Metadata is the information about something. My best example, is that a document that has the name of a person on the top and the work history below is called a resume whether or not the word resume appears on the page. Quite often web pages will have metadata about the page hidden for just software agents to rapidly consume and use the metadata for better indexing the page for searches or to better consume or process the page.
Generally, when the web page is printed, the browser includes the URL at the edge of the page (although often truncated). And usually the printed version includes enough information about itself that the metadata would just be repetitive or not relevant. However, it may be that someone just wants to see, print or just show metadata for the following use cases:
- paper reminder to read online;
- to post with a link and/or barcode with URL to allow others to note and bookmark the page by writing down the web address and core information or scanning the link into their phone and later go to read, download or print the document
- to better know what the author/publisher intended for the document by checking the metadata (now usually by looking at the HTML page source)--this is similar to the cards from card catalogs of yesteryear.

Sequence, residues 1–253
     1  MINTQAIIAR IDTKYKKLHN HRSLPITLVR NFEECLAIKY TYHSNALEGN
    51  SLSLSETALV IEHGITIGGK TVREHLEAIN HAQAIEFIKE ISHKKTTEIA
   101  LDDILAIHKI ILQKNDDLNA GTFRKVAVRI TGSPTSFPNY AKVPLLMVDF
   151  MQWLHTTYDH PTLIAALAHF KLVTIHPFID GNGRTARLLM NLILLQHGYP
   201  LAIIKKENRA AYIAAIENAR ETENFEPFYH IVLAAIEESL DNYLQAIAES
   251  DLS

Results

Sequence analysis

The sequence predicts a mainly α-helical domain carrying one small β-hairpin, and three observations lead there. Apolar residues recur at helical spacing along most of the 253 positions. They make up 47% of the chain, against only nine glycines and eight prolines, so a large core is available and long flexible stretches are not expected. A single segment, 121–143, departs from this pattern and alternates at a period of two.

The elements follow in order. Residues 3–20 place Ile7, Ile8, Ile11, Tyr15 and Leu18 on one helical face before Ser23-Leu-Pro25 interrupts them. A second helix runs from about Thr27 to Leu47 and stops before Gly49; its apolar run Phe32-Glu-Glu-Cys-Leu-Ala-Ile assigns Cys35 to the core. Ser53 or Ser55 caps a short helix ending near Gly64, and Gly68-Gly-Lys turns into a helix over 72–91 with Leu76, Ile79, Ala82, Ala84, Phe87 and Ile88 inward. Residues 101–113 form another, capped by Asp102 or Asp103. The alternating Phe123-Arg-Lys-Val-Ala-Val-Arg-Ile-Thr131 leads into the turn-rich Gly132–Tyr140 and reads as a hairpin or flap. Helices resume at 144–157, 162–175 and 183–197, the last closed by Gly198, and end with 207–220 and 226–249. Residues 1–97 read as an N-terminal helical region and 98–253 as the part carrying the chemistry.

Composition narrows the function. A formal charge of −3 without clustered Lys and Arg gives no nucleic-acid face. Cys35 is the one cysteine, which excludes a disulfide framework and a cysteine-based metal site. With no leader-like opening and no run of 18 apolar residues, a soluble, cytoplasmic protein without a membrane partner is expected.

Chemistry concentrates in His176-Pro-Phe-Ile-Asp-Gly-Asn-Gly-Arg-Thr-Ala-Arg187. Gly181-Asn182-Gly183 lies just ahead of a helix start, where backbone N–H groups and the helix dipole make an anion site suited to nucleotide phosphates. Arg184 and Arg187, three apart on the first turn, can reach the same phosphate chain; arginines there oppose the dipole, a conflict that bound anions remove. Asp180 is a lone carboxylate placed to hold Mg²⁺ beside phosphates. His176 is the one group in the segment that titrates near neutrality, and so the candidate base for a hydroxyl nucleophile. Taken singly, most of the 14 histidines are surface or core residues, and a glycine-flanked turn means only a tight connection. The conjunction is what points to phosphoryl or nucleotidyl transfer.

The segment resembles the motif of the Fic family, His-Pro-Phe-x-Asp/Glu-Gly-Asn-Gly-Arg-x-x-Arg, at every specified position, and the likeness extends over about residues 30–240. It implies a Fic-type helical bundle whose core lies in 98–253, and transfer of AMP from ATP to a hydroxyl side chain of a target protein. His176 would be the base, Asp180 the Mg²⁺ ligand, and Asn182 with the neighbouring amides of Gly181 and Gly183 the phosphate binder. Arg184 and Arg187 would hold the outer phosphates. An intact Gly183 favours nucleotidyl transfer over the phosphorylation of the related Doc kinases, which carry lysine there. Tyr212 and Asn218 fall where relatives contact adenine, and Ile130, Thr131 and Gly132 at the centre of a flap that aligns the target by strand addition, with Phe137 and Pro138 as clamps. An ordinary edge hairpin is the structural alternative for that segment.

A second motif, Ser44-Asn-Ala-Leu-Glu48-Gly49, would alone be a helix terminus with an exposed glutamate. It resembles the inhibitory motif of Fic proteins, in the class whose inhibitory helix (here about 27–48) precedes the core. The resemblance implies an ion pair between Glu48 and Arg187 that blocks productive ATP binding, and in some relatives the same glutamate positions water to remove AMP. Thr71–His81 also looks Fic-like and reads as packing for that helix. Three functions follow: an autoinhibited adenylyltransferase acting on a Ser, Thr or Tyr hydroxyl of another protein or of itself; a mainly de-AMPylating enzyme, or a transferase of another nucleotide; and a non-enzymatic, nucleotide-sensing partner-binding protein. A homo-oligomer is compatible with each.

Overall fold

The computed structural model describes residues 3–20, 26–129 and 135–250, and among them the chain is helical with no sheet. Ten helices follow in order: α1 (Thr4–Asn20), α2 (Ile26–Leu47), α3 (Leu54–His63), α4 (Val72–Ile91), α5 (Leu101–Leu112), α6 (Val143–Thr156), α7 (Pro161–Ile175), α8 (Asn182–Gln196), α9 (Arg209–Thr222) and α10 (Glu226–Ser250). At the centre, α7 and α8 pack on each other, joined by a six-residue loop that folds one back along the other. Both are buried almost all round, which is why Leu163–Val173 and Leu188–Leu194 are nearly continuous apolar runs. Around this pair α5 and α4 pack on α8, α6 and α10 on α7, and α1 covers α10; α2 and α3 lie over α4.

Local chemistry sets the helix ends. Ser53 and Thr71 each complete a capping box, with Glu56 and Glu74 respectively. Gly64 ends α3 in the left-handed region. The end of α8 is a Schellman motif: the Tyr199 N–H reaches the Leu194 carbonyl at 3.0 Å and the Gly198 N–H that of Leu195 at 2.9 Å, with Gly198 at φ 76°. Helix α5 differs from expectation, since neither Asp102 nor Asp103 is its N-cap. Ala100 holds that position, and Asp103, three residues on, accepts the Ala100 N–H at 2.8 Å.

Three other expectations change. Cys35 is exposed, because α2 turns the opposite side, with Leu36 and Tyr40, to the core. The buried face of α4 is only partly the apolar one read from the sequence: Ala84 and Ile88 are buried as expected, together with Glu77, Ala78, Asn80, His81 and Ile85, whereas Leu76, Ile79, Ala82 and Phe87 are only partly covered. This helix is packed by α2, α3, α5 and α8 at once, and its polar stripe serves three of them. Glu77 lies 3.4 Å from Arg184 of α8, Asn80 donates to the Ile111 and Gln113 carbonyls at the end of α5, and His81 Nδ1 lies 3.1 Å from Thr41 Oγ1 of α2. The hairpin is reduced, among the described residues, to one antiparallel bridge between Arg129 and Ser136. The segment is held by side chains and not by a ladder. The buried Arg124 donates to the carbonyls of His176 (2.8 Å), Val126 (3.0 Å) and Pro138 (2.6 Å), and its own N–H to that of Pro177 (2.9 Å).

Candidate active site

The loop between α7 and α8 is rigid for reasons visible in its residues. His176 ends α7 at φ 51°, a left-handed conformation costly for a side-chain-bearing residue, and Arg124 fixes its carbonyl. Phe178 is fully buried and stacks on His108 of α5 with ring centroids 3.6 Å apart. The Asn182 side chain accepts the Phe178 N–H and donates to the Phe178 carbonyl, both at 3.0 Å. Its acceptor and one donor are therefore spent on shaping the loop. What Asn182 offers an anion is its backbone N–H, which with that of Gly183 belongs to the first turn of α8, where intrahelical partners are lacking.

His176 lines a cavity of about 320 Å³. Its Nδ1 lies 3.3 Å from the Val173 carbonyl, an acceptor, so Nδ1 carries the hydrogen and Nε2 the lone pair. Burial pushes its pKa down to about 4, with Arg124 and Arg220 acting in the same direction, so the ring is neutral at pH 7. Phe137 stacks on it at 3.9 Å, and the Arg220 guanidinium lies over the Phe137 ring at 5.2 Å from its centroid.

Currently there are some metadata embedding standards like variants of Dublin Core for HTML, Adobe's XMP and the Library of Congress' MODS. But there is no widely used standard to see the metadata easily in a web browser.
Many web pages uses a variant of the word "content" as part of an HTML "id" attribute for either internal documentation and/or accessibility reasons. Note bene: there may be a move away from this with the new HTML5 tag system.
For those that do not want to disturb the actual page at all, could add the meta information in a separate page, but that would be harder to standardize and therefore find or use. But perhaps, this would still be useful to consider in terms of sitemap or newsfeed/RSS/Atom syndication.
Also, there might be a desire to print only the Meta ShowPage--just the metadata-- instead of a lengthy document or if the information in the metadata is useful and not present in the web page content section. Also, the Meta ShowPage may be a useful printed poster and method of allowing others to note or bookmark the document. And quite often in published paper books there is the page(s) near the beginning that includes the metadata about the publisher and printing, copyright, Library of Congress number, ISBN, etc. Although, PDF documents often include this convention, web pages do not often have the same convention.
Two features of the Meta ShowPage should be:
- To have the human readable web address/URL of the document or at least the link to the "handle" which can redirect or point based on the license or access rights to the document;
- And to have the machine processable version, especially the QR barcode, of the same URL. In the future there may be RFID or NFC embedded chips to send the URL directly to a nearby device.